eubanks source

 

Written by LW

November 7, 2019 at 1:01 am

“Infrastructure is much more important than architecture”*…

 

The wind driven Kincade fire burns near the town of Healdsburg, California

 

A kind of toxic debt is embedded in much of the infrastructure that America built during the 20th century. For decades, corporate executives, as well as city, county, state, and federal officials, not to mention voters, have decided against doing the routine maintenance and deeper upgrades to ensure that electrical systems, roads, bridges, dams, and other infrastructure can function properly under a range of conditions. Kicking the can down the road like this is often seen as the profit-maximizing or politically expedient option. But it’s really borrowing against the future, without putting that debt on the books.

In software development, engineers have long noted that taking the easy way out of coding problems builds up what they call “technical debt,” as the tech journalist Quinn Norton has written.

Like other kinds of debt, this debt compounds if you don’t deal with it, and it can distort the true cost of decisions. If you ignore it, the status quo looks cheaper than it is. At least until the off-the-books debt comes to light…

All told, the American Society of Civil Engineers estimates that it will cost $3.6 trillion to get Americans back to an acceptable level of technical debt in our infrastructure.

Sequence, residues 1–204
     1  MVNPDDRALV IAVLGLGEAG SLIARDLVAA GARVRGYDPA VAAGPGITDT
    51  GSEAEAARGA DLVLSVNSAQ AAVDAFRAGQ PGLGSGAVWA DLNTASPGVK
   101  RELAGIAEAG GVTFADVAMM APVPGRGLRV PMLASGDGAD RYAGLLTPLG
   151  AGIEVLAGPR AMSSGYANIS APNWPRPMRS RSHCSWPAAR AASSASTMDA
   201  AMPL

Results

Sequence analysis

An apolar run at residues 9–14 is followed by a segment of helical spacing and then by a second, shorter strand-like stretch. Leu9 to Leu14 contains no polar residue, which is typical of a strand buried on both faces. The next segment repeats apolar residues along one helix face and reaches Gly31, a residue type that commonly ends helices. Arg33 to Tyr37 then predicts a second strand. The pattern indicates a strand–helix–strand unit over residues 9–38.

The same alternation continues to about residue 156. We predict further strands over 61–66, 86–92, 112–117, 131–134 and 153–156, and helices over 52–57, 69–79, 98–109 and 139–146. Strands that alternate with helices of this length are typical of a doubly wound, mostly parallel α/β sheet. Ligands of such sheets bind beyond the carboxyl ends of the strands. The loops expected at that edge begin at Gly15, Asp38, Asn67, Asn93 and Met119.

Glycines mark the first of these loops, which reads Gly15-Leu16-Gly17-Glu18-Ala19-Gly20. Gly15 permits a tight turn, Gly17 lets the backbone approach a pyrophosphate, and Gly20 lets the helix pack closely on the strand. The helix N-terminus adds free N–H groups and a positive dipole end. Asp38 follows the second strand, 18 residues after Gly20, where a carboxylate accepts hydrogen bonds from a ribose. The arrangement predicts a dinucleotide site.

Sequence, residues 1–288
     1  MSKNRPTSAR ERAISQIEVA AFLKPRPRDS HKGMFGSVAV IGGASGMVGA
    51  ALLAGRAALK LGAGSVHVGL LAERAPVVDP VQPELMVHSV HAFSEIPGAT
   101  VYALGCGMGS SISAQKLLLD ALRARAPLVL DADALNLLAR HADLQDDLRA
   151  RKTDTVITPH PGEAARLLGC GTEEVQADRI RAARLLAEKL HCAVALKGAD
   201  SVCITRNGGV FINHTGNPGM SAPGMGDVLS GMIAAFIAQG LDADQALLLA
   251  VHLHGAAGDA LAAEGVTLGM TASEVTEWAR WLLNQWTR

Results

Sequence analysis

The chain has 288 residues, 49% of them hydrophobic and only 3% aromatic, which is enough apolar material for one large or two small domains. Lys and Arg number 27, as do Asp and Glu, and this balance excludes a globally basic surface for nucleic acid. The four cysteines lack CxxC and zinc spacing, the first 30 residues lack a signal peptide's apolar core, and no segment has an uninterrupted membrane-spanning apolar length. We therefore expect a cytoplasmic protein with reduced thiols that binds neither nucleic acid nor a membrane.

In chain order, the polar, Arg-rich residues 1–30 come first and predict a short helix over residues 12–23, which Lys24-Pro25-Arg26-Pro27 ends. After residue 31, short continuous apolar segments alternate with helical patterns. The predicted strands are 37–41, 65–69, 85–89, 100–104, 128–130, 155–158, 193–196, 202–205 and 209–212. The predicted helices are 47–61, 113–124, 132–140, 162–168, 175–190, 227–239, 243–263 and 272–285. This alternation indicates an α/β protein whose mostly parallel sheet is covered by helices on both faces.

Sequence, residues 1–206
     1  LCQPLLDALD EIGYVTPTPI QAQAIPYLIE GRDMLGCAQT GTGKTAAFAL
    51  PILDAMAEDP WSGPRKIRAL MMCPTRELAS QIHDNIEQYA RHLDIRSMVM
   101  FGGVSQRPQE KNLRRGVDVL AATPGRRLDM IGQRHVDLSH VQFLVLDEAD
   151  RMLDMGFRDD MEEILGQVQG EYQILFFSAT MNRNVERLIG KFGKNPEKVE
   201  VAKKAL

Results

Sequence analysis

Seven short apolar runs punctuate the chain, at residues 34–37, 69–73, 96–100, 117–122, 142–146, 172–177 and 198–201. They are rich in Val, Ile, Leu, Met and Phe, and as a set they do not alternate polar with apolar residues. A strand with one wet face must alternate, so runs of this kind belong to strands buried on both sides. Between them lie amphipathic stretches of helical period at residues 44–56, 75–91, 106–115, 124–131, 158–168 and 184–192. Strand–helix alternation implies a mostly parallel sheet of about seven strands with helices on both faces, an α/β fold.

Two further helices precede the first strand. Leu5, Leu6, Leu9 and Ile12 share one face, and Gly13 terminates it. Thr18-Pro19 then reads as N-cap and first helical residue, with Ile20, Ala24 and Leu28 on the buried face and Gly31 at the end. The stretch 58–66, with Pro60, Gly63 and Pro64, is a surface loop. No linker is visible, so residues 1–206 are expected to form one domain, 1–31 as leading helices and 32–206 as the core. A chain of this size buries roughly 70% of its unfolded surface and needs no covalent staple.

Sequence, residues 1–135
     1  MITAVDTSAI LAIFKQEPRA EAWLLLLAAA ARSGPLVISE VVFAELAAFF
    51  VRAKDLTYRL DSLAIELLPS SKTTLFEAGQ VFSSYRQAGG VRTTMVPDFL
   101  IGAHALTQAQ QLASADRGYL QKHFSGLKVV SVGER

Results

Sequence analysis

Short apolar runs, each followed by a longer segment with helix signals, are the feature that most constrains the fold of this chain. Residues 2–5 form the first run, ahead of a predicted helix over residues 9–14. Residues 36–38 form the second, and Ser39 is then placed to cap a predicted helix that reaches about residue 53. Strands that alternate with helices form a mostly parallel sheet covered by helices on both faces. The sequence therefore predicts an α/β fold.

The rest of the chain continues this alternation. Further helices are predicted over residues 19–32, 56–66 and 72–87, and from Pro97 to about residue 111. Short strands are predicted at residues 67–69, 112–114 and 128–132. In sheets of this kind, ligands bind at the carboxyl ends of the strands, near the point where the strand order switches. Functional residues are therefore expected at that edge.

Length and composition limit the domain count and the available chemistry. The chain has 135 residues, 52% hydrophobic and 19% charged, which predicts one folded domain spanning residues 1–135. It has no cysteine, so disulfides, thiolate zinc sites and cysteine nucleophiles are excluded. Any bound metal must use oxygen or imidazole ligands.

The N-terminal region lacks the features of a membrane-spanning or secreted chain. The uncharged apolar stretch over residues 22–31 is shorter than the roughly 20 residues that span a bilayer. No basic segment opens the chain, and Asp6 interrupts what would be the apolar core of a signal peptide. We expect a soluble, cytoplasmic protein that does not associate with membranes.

Of course, it’s been saying that for many years. The number is so big as to be almost laughable. It’s 2.4 times the amount Donald Trump’s tax cuts are to add to the American budget deficit over the next 10 years, according to the Washington Examiner

Climate change will soon expose a crippling problem embedded in the nation’s infrastructure.  In fire-ravaged California, it already has: “The Toxic Bubble of Technical Debt Threatening America.”

[TotH to AR]

* Rem Koolhaas

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As we aspire to be good ancestors, we might recall that it was on this date in 1906, at the first International Radiotelegraph Convention in Berlin, that the Morse Code signal “SOS”– “. . . _ _ _ . . .”– became the global standard radio distress signal.  While it was officially replaced in 1999 by the Global Maritime Distress Safety System, SOS is still recognized as a visual distress signal.